Instead, it has terme – spas – rich with rejuvenating mineral salts from underground hot springs.  Most of the bigger hotels have at least one pool filled with these healing waters.  And then there are places like Giardini di Poseidon, a kind of elaborate therapeutic theme park set down along the beach of Citara, where every 'ride' – and there are 22 of them – is a plunge into a thermal pool of a different temperature.

Amazing Alaska

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by Laura Johnson

alaska.jpg Twenty years ago this summer I fell in love with Alaska. After graduating from college and moving permanently to Atlanta with friends, I thought I had died and gone to heaven by escaping my small town life. My parents quickly threw a wrench into all the excitement by informing me we were going on a family vacation to Alaska - a week on a cruise ship. I balked, begged and pleaded not to go. I am the least 'outdoorsy' person in the world. I don't like to be cold and I don't like to be hot. My definition of camping is a night at a Holiday Inn Express. 

We boarded the ship in Vancouver and spent the first night at sea. When I woke up the next morning and peered through the tiny porthole, I was amazed and astonished. It was the most magnificent scenery I had ever seen. The snow covered mountains soared above the clouds and the ocean looked so vast it almost seemed powerful. Since there are only about 4 hours of darkness each night, I woke up when the sun came up with as much excitement as a child does on Christmas morning.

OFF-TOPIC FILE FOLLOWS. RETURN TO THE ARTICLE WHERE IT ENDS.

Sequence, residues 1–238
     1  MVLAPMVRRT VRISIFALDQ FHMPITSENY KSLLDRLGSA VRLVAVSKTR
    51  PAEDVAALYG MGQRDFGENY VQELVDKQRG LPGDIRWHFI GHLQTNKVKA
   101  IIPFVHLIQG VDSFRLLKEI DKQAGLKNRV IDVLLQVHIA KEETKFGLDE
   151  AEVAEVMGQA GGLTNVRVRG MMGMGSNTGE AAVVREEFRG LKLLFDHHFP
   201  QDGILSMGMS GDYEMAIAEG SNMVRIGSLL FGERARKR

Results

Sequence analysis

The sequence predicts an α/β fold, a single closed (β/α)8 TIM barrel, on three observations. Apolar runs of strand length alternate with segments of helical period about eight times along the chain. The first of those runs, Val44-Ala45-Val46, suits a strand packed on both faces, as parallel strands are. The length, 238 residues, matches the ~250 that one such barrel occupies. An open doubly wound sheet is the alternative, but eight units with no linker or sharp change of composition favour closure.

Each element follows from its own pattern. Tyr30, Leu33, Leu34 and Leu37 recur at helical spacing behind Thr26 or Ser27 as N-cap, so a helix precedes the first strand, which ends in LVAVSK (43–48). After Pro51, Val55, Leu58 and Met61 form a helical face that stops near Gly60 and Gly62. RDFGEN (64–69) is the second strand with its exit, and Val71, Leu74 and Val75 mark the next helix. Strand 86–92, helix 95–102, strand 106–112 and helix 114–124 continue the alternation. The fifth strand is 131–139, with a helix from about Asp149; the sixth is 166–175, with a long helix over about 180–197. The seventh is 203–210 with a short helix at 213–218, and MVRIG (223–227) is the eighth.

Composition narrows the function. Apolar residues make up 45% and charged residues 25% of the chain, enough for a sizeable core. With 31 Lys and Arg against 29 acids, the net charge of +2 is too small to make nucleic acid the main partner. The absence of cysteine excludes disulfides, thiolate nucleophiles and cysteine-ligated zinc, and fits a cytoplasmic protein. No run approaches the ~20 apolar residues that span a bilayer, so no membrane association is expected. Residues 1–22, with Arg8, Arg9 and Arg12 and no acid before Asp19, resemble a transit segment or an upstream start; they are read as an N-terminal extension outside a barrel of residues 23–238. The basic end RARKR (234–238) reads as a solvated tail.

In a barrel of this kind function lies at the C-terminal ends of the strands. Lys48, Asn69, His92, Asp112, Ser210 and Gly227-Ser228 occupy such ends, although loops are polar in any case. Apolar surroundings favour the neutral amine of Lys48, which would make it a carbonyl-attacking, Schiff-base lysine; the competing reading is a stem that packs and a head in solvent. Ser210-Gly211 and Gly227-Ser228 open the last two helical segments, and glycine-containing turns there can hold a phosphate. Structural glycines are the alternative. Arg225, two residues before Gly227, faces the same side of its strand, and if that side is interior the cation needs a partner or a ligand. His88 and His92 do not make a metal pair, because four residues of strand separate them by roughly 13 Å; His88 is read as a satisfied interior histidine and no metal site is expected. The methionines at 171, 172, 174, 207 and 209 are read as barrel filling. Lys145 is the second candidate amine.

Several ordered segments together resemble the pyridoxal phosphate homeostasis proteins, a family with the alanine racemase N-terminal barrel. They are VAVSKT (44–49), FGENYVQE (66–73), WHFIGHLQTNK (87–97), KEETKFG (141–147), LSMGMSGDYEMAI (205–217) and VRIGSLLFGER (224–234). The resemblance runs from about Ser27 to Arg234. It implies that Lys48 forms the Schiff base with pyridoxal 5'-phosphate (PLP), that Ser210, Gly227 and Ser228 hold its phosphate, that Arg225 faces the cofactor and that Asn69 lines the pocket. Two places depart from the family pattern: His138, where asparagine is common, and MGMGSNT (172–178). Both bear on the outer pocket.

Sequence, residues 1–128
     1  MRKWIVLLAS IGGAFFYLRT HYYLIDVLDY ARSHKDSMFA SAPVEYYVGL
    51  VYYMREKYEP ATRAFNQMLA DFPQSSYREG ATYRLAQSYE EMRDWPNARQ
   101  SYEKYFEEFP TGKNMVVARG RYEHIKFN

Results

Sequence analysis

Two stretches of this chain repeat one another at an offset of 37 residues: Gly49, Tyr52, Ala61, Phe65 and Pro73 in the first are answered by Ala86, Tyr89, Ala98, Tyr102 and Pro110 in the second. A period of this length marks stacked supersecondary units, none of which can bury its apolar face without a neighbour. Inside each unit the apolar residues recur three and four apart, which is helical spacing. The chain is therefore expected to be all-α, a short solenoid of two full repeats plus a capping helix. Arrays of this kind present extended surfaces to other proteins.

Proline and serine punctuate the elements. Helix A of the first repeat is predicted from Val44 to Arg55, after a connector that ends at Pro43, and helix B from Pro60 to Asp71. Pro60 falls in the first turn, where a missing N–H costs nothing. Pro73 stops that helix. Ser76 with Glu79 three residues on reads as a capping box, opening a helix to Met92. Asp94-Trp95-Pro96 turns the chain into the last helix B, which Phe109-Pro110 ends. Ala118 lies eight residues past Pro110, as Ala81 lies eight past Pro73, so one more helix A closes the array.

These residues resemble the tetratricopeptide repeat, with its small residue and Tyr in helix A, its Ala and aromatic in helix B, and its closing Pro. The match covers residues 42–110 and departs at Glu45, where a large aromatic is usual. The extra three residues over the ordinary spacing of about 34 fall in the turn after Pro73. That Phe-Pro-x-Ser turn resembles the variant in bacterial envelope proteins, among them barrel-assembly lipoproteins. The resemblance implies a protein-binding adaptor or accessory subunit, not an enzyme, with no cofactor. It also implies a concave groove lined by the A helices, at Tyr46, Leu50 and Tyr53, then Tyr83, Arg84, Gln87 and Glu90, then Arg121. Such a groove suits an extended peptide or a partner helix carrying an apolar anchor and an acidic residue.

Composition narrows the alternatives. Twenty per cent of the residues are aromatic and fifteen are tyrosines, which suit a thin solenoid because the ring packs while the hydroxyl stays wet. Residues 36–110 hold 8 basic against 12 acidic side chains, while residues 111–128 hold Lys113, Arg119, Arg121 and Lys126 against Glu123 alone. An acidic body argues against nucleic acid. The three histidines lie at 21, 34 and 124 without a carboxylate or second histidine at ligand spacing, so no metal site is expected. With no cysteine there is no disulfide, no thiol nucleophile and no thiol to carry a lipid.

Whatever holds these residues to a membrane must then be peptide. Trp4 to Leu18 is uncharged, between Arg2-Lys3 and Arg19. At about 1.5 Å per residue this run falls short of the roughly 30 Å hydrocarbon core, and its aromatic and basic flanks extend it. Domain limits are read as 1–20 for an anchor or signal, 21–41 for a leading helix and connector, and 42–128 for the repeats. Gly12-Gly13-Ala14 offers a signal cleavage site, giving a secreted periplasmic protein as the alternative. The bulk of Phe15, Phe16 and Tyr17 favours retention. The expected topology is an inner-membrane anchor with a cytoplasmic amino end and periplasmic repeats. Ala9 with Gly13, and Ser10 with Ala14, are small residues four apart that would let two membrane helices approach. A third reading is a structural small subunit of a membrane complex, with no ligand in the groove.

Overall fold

I have been back to Alaska about 10 times since that summer, another cruise, a trip to Juneau to visit my old friend Reecia and the rest for work, long layovers in Anchorage with my “stewardess job."

 

restaurant news

Yatai Bar
Los Angeles
by Maia Harari

yakaizoe.jpgMerrick and I had the honor of attending a costume jewelry auction at Decades hosted by the original Zoebot herself—Rachel Zoe. I die! Events don’t get much better than that. The people watching...

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Bar Tano in Brooklyn
New York
by Maia Harari

bartono.jpg We’d finally made it all the way to Park Slope, it was less than warm, and I’m pretty sure I had mascara on my forehead from frantically trying to fix my make-up on the subway.  You can imagine...

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Reel Dinner: Legal Sea Foods
Boston
by Kitty Kaufman

legal kendall 0684Come to Boston, eat fish. In Cambridge, Legal Sea Foods is in Kendall Square. In Boston, seek out the Legal that's in Copley Place (near Barneys) because you can nearly always get seated.

Don't...

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Capital Grille: Providence
New England
by Kitty Kaufman

CapitalCapital Grille is fine dining in Providence. It seems like they've been around forever and it's 25 years, so it is forever. It opened in 1990 and this is the original store tucked behind old Union...